3 minute read
Jim McCormick outlines why we’re at an inflection point in the coronavirus crisis by taking a closer look at the top three highlights from the global central bank policy response.
Coronavirus economic impact: We are at an inflection point
Last week was another difficult one for us all, especially financial markets which saw disruption to funding, credit market dislocation and a surge in the US dollar. Despite this, we are, in our view – at an inflection point. Here’s why.
Coronavirus infection rates turn
In terms of tracking the trend in infections, using logarithmic growth rates is perhaps the best approach – and that’s what we’ve been using. That said, there are the inevitable issues around relative population sizes and divergences in the amount of virus testing. Nevertheless – growth rates are still very illustrative for the overall picture. And it’s better to have something than nothing.
The good news is that infection trends across Asia continue to stabilise, although the rise in “imported” infections in the last week underscore the need to maintain high levels of social distancing.
Italy on the other hand is mixed. The infection trend in the Lombardy region, where coronavirus has hit hardest, looks to be stabilising. But this is not yet clear at the national level. The curves in the rest of Western Europe and the US however, remain very steep. Public and market anxiety should be able to settle once these trends show signs of stabilising.
Public and market anxiety should be able to settle once these trends show signs of stabilising.
Global policy – sizeable, appropriate and flexible
Collectively, March has been one of the most consequential months for policy in at least the past decade, if not longer. A lot of policy measures were announced and there is far too much detail to cover here, but in short: the aggregate policy response has been sizeable, appropriate and is sufficiently flexible to be sized up and down if needed. Below are my top three highlights:
- No more interest rate cuts
The global policy rate is now at zero, a record low. The gross domestic product (GDP)-weighted easing in March was 0.75%. Markets are still pricing a further 0.2% of easing in the next year but we think the rate cutting cycle is now pretty much at an end.
Importantly, it is unlikely this cutting cycle will be reversed anytime soon, irrespective of whether the global economy recovers later this year.
- Highest ever increase to central bank balance sheets
Meanwhile, the collective quantitative easing (QE) announced in the past few weeks will see the central bank bond-buying trend surpass the peak in early 2016. The market impact should be even more dramatic as this new QE follows a prolonged period of quantitative tightening (QT) in 2018-19 see Chart 1.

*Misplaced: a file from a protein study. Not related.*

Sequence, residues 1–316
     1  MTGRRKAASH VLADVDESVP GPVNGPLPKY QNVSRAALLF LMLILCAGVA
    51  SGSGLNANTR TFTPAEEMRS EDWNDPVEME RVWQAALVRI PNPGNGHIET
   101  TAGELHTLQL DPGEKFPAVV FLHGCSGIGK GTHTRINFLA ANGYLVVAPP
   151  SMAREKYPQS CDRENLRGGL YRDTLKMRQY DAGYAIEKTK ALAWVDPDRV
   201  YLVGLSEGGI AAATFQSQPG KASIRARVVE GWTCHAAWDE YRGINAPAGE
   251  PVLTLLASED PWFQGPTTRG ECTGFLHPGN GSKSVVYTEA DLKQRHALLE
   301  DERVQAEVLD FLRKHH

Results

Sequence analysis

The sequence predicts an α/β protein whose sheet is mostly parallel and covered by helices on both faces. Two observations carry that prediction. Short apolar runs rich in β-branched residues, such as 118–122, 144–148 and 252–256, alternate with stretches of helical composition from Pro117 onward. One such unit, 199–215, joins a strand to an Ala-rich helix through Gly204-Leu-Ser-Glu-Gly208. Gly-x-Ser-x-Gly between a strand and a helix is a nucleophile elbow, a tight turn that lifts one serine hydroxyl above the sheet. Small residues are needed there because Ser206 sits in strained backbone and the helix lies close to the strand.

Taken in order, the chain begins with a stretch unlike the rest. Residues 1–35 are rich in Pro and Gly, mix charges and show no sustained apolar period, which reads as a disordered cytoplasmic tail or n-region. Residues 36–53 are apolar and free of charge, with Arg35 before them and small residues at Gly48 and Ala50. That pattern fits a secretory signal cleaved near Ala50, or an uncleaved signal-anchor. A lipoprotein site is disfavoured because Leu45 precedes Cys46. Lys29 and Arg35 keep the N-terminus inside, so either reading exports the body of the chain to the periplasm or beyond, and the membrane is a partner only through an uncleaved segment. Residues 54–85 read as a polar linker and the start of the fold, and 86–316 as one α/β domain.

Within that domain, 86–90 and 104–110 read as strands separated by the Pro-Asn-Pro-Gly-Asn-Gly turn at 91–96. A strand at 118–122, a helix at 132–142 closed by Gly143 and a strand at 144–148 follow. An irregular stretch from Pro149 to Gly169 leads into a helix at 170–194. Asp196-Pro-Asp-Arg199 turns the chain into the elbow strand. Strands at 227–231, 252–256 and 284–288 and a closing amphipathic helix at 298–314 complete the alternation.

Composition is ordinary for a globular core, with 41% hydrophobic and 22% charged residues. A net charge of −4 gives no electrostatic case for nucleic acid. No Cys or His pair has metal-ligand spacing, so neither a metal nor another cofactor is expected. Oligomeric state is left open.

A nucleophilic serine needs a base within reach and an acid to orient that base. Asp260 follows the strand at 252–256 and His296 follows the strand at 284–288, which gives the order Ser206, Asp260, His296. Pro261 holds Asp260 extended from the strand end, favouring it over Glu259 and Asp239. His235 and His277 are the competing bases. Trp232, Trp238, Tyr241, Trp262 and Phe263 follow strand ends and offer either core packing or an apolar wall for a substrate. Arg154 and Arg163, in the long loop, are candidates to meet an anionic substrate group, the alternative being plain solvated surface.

Chart 1: Thanks to sizeable action from global central banks in response to coronavirus, we expect to see balance sheets reach record highs
- Coronavirus crisis spending = 2008 crisis spending
Perhaps most importantly, the fiscal easing announced over the past week is large, with credible promises to increase it if needed.
- In the US, it was only two weeks ago that the COVID-19 crisis spending was set at $8 billion, which the White House viewed as too large. It is now $1.2 trillion and well designed. The targets are moving (up) in Europe, but the fiscal promises in place are already big.
- In the UK, the fiscal loosening announced already will be nearly as big as the programme in the wake of the 2008 financial crisis.
- We estimate the Euro Area easing from announced measures and cyclical buffers will be at least 3% of GDP.
Combining the US, UK and Euro Area together, we expect the fiscal easing will be more than 6% of GDP, at least as big as the programme during the 2008 crisis.
We expect the fiscal easing will be more than 6% of GDP, at least as big as the programme during the 2008 crisis
This CV-19 policy bazooka will provide support for investors and markets
Although the picture for coronavirus infection rates looks bleak for Western Europe, trends globally have taken a different turn – so let’s try and hold on to that. But the real clincher in this inflection point is the swathes of global policy we’ve seen; indeed last week was perhaps the busiest for policy making since the global financial crisis, if not ever. The bottom line is that combined, all this central bank action should certainly provide support for markets over what it likely to be a bumpy period. And remember, this policy response has been put together far quicker than it was in 2008. That should matter for investors and markets, even if it is just at the margin.
We expect that things will quieten down this week on the policy front, if not stop entirely – at least for the most affected regions in the west. Stay safe and stay tuned for more insights on the coronavirus crisis.